U.S. Trade Policy at a Crossroad

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Science  05 Jan 1990:
Vol. 247, Issue 4938, pp. 33-38
DOI: 10.1126/science.247.4938.33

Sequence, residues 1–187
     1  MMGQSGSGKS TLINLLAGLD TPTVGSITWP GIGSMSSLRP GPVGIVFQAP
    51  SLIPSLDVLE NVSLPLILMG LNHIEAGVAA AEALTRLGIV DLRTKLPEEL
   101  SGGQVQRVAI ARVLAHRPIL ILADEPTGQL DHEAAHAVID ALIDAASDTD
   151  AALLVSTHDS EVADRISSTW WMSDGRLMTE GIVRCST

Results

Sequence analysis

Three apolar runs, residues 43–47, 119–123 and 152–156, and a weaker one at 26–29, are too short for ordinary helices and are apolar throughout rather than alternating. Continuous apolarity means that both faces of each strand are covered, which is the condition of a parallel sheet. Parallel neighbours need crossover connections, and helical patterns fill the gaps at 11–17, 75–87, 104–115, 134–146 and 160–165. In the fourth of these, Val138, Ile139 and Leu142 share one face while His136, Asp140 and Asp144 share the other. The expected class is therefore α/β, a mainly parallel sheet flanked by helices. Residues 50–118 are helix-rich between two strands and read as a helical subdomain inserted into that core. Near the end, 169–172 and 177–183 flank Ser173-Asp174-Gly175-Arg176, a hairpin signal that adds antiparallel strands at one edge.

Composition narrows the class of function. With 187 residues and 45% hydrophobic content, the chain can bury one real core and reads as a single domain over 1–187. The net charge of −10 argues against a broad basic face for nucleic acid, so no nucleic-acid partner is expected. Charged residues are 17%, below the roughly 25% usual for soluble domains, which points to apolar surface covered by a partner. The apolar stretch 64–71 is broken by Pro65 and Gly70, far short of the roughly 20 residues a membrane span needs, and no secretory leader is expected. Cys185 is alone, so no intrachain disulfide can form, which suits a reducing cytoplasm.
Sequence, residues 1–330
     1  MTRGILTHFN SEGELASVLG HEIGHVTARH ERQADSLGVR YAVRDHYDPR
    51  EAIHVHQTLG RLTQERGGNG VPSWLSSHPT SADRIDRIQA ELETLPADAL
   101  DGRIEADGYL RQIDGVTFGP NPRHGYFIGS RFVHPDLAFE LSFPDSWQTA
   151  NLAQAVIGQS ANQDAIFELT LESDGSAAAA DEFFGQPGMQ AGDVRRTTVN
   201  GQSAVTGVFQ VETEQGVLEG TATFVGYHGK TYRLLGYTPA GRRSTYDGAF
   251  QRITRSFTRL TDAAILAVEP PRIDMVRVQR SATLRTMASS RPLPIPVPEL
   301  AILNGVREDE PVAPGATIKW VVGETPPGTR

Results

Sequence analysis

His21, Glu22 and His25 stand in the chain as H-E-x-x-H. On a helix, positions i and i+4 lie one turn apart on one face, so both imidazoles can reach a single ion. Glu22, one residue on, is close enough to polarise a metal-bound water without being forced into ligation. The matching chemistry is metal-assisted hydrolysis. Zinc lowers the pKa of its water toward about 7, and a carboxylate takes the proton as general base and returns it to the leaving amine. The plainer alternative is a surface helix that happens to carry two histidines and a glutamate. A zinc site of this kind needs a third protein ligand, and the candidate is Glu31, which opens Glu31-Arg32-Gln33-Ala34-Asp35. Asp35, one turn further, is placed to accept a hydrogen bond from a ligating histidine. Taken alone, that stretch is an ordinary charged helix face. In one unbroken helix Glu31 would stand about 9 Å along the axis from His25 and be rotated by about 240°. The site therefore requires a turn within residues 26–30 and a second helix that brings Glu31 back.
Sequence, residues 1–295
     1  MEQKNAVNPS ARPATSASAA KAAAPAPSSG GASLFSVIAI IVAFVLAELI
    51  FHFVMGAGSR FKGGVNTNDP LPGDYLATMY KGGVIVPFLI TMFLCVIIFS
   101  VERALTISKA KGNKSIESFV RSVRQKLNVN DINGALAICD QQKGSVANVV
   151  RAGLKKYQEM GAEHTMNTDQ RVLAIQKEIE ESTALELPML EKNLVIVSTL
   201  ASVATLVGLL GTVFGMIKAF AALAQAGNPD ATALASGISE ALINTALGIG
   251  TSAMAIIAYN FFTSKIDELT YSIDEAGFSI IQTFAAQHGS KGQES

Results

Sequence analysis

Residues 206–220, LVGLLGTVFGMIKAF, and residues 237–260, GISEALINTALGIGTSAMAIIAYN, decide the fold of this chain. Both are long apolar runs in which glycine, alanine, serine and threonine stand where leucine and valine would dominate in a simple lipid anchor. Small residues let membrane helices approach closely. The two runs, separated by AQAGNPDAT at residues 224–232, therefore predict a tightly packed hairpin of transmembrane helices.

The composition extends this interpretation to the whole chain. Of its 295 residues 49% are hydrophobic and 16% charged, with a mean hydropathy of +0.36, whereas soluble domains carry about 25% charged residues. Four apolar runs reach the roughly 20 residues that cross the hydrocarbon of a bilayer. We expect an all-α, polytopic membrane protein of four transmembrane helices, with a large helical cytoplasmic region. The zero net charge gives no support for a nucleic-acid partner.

U.S. trade policy since the end of World War II has rested on two pillars: a multilateral approach to trade agreements and a commitment to rules rather than results. Support for each principle is rapidly eroding because of, among other things, record trade deficits and pessimism about the effects of exchange rate movements on trade flows. In fact, however, U.S. trade deficits are largely "homemade," and trade flows are responsive to changes in exchange rates. The U.S. has played a leadership role in promoting freer trade on a multilateral basis. Adoption of any one of a number of recently proposed alternative trade policy frameworks would be counter to that role.

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